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Ratio of Milk Produced to Feed Cost Indicates Efficiency

Dairy Pipeline: July 1999

Charles C. Stallings
Extension Dairy Scientist, Nutrition
Virginia Tech
(540) 231-4758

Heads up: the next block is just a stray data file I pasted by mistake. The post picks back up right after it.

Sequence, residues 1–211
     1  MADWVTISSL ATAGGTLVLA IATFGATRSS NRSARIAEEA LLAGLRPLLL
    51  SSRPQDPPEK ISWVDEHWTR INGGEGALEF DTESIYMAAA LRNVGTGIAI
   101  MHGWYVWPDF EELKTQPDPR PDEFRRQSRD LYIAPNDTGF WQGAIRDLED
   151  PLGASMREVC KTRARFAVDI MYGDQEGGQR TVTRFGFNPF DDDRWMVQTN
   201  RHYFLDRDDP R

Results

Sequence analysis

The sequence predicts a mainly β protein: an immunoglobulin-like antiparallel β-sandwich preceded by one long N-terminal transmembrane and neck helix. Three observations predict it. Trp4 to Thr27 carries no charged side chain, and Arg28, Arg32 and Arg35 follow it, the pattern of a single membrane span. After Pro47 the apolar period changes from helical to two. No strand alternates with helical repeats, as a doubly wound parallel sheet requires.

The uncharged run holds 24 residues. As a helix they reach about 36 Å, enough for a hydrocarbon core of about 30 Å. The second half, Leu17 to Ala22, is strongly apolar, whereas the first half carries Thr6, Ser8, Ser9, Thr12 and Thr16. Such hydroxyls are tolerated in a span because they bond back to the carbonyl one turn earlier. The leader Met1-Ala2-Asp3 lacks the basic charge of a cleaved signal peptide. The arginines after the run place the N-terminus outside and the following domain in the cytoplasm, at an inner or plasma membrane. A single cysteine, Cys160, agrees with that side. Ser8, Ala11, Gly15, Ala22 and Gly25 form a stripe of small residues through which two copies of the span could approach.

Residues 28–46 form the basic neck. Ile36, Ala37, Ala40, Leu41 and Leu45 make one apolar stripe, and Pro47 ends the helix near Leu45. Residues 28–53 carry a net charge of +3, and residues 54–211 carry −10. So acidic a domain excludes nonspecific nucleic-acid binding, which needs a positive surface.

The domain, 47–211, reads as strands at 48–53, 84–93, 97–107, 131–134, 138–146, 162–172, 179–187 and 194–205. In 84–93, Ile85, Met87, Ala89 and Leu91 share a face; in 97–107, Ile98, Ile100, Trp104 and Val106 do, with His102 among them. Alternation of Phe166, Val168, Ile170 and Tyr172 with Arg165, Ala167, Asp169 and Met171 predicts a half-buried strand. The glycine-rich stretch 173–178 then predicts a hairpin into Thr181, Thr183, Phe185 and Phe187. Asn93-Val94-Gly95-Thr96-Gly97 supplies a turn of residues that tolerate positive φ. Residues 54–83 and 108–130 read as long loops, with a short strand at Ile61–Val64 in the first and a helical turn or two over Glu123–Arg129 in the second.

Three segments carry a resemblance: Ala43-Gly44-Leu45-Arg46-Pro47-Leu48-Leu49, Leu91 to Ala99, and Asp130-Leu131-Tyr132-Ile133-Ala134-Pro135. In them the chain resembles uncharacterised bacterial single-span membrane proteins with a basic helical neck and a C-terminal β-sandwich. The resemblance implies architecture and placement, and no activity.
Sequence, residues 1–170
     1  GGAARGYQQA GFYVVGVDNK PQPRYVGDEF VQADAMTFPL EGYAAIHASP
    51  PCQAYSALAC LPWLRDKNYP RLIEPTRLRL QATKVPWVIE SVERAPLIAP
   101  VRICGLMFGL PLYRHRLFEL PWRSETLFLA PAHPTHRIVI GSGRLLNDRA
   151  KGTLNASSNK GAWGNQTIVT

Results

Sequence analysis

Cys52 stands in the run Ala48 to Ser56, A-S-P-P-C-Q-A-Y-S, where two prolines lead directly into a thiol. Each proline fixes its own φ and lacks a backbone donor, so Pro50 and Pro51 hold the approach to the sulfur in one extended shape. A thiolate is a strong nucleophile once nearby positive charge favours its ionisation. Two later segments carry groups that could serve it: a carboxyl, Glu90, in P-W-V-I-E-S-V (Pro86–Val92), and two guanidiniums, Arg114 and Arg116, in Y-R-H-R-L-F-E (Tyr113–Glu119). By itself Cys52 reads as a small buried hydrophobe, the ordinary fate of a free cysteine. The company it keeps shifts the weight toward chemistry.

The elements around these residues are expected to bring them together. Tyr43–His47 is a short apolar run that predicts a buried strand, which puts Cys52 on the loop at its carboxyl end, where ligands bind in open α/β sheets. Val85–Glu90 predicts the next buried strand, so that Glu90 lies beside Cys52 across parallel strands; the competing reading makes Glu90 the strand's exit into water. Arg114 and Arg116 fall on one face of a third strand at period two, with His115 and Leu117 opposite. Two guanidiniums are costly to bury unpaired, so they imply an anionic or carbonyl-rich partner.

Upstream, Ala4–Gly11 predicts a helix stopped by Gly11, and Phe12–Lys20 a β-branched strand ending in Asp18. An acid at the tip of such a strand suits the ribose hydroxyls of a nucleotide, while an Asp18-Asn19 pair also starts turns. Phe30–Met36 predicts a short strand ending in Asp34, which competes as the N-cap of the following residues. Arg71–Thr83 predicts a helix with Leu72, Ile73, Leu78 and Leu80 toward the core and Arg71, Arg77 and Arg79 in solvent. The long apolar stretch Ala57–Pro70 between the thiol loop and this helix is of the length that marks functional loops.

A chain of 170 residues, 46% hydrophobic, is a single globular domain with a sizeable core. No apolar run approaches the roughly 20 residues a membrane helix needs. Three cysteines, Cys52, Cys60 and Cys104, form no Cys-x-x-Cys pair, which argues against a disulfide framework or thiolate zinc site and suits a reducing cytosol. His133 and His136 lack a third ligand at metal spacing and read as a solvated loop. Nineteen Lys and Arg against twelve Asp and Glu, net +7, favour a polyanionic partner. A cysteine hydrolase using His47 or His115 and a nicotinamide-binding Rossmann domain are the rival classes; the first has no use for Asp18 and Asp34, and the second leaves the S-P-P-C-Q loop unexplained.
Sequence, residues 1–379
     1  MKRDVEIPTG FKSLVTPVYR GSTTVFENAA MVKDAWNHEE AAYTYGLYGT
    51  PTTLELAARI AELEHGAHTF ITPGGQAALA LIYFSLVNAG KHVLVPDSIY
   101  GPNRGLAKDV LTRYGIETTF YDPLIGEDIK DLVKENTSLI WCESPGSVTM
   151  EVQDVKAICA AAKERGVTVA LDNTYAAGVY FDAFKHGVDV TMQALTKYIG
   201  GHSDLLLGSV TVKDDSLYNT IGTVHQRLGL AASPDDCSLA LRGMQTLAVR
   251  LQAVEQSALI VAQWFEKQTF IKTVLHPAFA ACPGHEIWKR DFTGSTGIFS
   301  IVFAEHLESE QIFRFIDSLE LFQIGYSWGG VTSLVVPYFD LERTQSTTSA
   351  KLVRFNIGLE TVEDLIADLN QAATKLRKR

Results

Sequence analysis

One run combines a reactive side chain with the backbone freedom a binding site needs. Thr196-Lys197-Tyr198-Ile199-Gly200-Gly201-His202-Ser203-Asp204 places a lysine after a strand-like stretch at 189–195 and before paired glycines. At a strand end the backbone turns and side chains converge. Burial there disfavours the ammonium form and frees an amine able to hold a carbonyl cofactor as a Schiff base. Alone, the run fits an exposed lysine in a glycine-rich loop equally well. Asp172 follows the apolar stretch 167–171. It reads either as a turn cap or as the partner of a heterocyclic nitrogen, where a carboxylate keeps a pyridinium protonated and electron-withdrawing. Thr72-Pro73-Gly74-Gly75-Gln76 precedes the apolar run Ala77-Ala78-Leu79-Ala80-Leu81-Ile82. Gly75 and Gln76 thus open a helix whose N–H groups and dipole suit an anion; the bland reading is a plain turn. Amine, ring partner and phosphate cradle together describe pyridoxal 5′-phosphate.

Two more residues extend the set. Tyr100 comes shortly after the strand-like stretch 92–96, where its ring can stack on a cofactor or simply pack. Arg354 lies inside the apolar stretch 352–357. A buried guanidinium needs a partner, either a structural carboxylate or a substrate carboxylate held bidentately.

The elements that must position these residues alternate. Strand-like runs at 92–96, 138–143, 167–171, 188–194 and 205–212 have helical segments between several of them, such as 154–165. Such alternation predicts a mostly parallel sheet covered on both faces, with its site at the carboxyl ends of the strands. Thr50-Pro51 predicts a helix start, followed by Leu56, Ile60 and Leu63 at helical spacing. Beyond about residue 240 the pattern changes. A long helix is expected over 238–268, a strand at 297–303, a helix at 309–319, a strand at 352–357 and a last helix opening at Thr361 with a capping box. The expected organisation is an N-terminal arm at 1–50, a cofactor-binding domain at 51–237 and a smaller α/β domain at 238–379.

Feed cost per hundred pounds of milk produced is an indicator of efficiency. One of the easiest and most readily available numbers to allow you to evaluate your efficiency of producing milk is to compare the cost of feeding relative to milk produced. For instance on the most recent DHI Virginia state summary the daily feed cost was $3.16 to produce an average of 64 pounds of milk. That means it would cost $4.94 to produce 100 pounds of milk. If you could produce the same 64 pounds of milk with a feed cost of only $2.50 the cost per 100 pounds would be only $3.91. On the other hand if feed cost was $3.50 it would translate to $5.47 per hundred. If it is costing more than $5.00 for you to produce 100 pounds of milk it may be worth trying to figure out why. If you have high feed cost and only average production this would indicate cows are not responding to more expensive nutrition and it might be possible to use more inexpensive feed sources without affecting milk produced. On the other hand if milk produced is relatively low without significant savings in feed inputs the feed cost per 100 pounds of milk produced will be excessively high. Some attention to improving production per cow might be advisable. Therefore, either excessive feed cost or low milk production can result in undesirable feed cost per 100 pounds of milk produced.

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